If an elephant is well trained, this stick in only used when the animal becomes stubborn. The driver then smacks it on the rump or the neck, until it calms down. Most of the time, a verbal command is enough. Other ways of guiding elephants include the driver using the large toe of his feet to push against the ears of the elephant. Again, these methods are not that different from using reins on a horse.
Train an elephant to stop, grab, pierce, and trample
A war elephant has different uses in war—charging, trampling, or overwhelming the enemy ranks, battling other war elephants, sieges, and open-field warfare. In ancient times, an elephant was trained to stomp on foot soldiers, to cut them open with tusks, to grab soldiers or horses with the trunk. Some elephants could even be trained to throw spears with their trunk!
The truth is, elephants are not natural-born killers. They need to brought to a berserker state, usually with a mixture of wine, pepper, and narcotics. Ancient Indians, and the Greeks after them, knew that elephants like alcohol. So, war elephants are given daily rations of alcohol, not wine, but a strong fermented drink made from rice and sugar. In Ceylon, elephants were given opium. In ancient times, war elephants’ trunks were painted red with berry juice. It was believed that the elephant confused it with blood, and the sight of it made it aggressive. Sometimes they also hung bells around its neck to annoy it with the constant noise. All of this was supposed to bring the elephant into a temporary berserker state.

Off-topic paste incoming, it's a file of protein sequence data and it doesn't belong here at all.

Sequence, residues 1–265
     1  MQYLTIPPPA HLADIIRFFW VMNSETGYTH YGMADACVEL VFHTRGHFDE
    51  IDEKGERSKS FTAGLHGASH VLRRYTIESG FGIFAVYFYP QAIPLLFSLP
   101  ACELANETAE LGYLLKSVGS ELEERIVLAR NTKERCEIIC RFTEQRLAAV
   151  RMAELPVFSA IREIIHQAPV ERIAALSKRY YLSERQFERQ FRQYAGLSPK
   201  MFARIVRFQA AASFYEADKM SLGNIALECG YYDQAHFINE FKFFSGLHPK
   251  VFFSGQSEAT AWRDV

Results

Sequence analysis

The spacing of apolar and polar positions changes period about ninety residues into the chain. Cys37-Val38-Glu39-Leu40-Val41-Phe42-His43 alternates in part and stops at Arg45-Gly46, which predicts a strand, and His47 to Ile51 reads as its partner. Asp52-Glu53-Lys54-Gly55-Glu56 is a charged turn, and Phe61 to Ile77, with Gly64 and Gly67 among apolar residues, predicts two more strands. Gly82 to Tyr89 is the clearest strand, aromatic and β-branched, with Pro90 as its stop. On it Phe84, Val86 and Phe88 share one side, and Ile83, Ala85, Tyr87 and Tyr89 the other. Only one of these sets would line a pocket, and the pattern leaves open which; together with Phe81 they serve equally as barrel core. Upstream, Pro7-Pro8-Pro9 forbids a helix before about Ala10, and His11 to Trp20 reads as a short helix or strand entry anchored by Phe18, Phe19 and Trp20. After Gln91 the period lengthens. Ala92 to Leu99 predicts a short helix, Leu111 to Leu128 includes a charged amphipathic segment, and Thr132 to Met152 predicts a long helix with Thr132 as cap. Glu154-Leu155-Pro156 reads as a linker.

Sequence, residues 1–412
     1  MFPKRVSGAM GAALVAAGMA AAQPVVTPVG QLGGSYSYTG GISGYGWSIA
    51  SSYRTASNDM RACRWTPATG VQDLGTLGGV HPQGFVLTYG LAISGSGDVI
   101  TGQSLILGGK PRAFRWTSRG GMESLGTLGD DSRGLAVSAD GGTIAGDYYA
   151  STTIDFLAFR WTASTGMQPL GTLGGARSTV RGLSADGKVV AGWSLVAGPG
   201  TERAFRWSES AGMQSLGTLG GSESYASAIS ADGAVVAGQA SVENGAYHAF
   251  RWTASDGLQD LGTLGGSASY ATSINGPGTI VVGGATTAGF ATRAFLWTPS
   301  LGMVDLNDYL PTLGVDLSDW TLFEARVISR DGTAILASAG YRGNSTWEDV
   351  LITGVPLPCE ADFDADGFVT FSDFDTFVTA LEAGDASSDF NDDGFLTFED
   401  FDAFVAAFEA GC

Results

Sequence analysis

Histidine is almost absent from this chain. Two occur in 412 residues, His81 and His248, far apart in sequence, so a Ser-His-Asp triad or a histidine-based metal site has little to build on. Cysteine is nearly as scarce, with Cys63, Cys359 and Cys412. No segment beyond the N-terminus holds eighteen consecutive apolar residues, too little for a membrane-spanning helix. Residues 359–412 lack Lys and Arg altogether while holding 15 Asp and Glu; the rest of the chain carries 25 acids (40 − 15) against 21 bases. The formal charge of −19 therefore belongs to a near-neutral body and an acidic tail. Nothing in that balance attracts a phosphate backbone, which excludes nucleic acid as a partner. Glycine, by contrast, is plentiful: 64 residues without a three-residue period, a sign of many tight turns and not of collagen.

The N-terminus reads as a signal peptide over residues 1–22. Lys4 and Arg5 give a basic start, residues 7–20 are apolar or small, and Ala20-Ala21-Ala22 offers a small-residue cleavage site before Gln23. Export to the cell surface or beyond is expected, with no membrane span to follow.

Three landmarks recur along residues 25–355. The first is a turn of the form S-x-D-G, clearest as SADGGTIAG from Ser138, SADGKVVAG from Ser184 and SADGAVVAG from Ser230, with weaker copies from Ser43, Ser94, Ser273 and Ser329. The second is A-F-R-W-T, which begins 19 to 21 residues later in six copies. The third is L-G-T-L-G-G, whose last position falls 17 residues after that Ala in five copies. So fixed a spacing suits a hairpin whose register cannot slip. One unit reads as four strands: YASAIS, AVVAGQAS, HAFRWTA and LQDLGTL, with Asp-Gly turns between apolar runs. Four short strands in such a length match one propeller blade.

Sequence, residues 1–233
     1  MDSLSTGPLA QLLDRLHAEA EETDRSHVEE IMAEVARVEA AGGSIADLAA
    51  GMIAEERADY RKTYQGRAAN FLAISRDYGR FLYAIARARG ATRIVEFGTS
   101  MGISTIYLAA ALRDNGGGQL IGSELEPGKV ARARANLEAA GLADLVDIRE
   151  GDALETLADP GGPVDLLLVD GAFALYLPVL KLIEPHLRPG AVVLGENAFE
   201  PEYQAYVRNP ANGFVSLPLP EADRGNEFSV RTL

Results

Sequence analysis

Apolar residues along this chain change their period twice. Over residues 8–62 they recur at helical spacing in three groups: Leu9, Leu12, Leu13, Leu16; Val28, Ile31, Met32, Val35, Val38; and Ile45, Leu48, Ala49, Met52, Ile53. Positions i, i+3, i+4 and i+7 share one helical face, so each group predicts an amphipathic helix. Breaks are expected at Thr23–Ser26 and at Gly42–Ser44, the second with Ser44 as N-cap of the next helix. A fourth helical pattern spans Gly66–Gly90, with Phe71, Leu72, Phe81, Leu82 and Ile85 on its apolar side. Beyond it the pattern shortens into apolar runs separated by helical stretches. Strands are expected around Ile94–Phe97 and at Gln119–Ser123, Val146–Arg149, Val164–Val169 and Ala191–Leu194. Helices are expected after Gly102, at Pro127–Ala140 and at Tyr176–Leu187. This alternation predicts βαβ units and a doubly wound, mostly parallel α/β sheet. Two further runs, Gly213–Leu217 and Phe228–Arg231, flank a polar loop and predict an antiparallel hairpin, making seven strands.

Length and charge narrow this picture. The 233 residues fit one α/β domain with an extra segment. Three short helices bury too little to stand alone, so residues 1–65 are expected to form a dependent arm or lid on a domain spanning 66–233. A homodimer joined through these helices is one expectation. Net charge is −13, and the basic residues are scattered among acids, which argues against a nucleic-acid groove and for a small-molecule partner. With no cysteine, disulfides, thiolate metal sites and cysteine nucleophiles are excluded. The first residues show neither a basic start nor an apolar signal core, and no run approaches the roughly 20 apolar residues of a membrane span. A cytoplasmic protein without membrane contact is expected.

Always keep a chisel and hammer on your person
If the elephant loses control to such a degree that it begins to attack its own ranks, you have to put it down quickly. The death should be quick, so that the animal doesn’t suffer. Put the chisel at the base of the skull and hit hard.
Make sure to use the elephants for non-military tasks as well
As strange as this may sound, elephants move fairly well in mountains. The English in India used them as beasts of burned to move heavy artillery. They are especially useful in swamps where horses or oxen have great difficulty. They can also use their trunks to pull out swamped artillery.